In Africa, life is a tragicomedy

There have been days in my life when I have reached the deepest well of despair or highest peak of pain, or so I thought.
Abahlali residents attacked by rats and fires. (Net photo)
Abahlali residents attacked by rats and fires. (Net photo)

There have been days in my life when I have reached the deepest well of despair or highest peak of pain, or so I thought.

Like losing a dear one, especially from an easily preventable cause.

I muse about the purpose of life and my role in it, and really think it is a waste of time planning, toiling away, and generally living a fairly miserable life in order to save for the future, when I can afford a moderately softer life.

Then do I think of wild extremes, like getting saved, or just plain stop acting cautious or wise and start ‘enjoying’ myself, since whatever one does, they will eventually leave the world stage.

See how easy it is to become a philosopher?

And so this is the main thrust of my musings - that all Africans have learnt to philosophise about their existence, otherwise they would just crack up and the whole African populace becomes fit candidates for sanatoriums.

How else would one take the decision by the African Union to oppose the International Criminal Court’s proposed indictment of Sudan’s President Omar al-Bashir over his inaction to arrest the Darfur killings, mass displacements and human suffering?

Owing to the gravity of the matter, the United Nations, in agreement with the African Union, formed a hybrid force to stem some of the most dastardly attacks against the civilian population of Darfur.

But the effectiveness of this peacekeeping force has been shackled by the Sudanese government itself, showing further how much its leader is really working towards peace in that region.

Amidst continuing chaos and even worse scenarios where the peacekeepers themselves are being attacked with impunity (and cannot defend themselves owing to the poor armament policies tightly controlled by Sudan), what peace deal is the African Union expecting from Bashir to alleviate Darfur’s suffering?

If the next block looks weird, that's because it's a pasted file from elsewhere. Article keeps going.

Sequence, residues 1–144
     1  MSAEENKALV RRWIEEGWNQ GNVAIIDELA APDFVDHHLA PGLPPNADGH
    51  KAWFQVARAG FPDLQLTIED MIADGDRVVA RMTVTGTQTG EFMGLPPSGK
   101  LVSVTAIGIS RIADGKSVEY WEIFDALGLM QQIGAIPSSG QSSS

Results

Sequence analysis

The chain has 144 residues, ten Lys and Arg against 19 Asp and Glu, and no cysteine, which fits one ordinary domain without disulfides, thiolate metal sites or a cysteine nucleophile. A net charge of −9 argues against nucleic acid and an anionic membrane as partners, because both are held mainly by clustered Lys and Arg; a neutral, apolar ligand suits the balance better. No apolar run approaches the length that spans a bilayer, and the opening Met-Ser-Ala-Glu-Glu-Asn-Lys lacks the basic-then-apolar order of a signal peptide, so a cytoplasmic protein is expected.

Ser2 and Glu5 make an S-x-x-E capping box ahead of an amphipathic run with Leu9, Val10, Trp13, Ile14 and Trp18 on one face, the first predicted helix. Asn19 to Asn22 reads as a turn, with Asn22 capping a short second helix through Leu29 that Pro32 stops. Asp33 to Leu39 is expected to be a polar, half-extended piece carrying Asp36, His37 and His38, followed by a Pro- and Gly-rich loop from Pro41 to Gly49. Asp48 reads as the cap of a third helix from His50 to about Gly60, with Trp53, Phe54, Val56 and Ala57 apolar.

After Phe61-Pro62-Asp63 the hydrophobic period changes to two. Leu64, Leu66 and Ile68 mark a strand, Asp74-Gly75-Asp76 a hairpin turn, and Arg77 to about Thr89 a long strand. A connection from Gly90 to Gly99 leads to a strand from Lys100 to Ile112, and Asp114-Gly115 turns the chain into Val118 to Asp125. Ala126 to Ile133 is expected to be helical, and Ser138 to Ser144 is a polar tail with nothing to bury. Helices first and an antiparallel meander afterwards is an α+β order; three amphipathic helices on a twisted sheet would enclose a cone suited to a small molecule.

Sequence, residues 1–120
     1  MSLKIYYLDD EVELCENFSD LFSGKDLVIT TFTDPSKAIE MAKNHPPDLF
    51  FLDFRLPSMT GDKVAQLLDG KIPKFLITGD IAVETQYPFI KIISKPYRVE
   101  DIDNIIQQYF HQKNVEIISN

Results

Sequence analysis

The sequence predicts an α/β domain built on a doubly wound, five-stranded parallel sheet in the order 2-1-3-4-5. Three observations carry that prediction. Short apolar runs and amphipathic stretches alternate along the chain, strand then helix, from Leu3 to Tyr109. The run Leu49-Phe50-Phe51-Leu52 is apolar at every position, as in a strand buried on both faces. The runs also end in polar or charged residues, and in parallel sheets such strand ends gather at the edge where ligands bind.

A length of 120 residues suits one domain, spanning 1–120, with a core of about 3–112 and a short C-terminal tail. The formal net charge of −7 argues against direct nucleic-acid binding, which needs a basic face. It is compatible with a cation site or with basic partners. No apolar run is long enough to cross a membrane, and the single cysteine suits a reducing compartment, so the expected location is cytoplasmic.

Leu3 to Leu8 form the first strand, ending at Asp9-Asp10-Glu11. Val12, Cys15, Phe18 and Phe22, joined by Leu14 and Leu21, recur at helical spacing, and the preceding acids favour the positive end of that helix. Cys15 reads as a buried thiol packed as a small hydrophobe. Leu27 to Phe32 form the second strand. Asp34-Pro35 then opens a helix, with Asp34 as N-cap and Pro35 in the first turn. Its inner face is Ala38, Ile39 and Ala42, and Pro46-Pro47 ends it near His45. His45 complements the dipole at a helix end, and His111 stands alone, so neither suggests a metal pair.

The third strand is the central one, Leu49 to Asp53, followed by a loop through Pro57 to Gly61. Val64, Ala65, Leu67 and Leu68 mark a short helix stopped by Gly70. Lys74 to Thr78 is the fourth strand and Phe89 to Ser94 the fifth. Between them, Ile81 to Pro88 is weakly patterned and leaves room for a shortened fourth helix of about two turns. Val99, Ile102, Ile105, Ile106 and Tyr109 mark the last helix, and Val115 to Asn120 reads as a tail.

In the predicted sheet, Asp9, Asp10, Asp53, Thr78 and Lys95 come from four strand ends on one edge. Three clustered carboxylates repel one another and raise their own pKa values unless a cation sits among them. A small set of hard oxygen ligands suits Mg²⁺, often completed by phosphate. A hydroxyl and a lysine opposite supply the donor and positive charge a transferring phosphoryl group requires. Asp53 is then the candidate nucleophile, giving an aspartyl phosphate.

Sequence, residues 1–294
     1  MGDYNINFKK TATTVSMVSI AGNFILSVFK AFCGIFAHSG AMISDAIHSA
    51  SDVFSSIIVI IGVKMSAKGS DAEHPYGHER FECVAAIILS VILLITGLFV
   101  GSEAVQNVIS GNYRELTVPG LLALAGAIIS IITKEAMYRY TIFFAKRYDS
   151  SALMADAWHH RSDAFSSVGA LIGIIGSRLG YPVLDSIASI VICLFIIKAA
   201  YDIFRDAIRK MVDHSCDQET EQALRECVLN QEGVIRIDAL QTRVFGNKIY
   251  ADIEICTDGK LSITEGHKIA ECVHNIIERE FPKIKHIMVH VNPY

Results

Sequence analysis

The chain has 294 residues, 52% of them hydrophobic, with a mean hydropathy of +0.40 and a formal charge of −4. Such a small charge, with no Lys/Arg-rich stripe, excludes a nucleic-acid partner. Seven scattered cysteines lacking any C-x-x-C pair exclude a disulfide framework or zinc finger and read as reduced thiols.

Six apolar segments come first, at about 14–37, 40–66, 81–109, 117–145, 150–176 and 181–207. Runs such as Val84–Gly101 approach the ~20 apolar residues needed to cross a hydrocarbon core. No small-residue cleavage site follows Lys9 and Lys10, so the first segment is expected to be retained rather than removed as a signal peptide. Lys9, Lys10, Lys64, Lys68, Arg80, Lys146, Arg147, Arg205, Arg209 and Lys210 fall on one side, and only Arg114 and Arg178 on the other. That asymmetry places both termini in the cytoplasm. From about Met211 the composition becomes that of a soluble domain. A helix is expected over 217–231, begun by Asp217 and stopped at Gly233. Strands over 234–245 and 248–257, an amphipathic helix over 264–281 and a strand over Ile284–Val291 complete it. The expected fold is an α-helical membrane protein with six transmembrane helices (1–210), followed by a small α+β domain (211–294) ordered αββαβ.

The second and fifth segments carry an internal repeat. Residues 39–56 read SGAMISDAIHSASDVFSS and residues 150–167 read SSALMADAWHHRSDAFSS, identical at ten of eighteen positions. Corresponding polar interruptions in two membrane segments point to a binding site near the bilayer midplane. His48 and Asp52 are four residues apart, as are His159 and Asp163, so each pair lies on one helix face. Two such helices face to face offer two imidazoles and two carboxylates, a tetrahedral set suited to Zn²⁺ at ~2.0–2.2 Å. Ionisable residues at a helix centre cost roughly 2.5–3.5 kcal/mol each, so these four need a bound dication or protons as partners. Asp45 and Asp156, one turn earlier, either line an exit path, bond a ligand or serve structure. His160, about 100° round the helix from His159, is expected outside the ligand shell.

Ah ah, what about the condemnation of the ICC and support for Bashir that people in Southern Sudan, including a one Vice President Salva Kiir and the entire Government of Southern Sudan, have exhibited?

It is so heart-wrenching that if one does not cry their hearts out it is possible to break into hysterical laughter. The sheer hypocrisy of it all!

There is the lighter side, of course. Like Bashir’s running to President Yoweri Museveni of Uganda for protection against the monster ICC, when it is only recently that the said Museveni said he has not been fighting against Kony (rebel leader of the Lords’ Resistance Army fighting the Ugandan government), but the government of Sudan!

Politics becomes only chess, and the pawns are the unfortunate ordinary people, as the kings do battle across the chessboard. Whoever invented chess…!

We shall bypass the painful circus that is Kenya and Zimbabwe election politics.

Enough said about it; only a passing remark regarding Opposition leader Morgan Tsivangirai’s comment about President Robert Mugabe as reported in a BBC News article titled Mugabe Rival Satisfied At Talks:  “He is just as human as every one of us, that he has similar concerns, although, of course, I think he is ignorant, and/or chooses to be in a denial stage as far as violence is concerned.”  Similar concerns?

Himself bashed out of facial recognition, the countryside ravaged by Zanu-PF vigilantes, people kidnapped and killed and raped and living an economic nightmare every day of their lives, and all Honourable Tsivangirai can say is “he is just as human”! Bah!

But take heart, ye mortals. There are worse scenarios than your imagined woes. When Tanzanians become mournful about their inflation rate hiking to 9.6 per cent, what will the Zimbabweans do, drop dead with a super hyper (or whatever) inflation rate of 10 million per cent, officially at 2.2 million?